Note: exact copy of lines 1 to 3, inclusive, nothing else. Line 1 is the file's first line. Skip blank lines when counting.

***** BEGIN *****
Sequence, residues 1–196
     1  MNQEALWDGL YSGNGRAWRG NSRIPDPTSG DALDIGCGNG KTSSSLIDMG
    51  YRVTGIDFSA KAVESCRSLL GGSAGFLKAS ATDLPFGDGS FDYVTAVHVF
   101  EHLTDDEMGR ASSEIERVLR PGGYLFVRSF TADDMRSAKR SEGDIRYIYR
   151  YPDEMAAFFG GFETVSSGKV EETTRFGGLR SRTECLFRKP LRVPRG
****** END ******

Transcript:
Sequence, residues 1–196
     1  MNQEALWDGL YSGNGRAWRG NSRIPDPTSG DALDIGCGNG KTSSSLIDMG
    51  YRVTGIDFSA KAVESCRSLL GGSAGFLKAS ATDLPFGDGS FDYVTAVHVF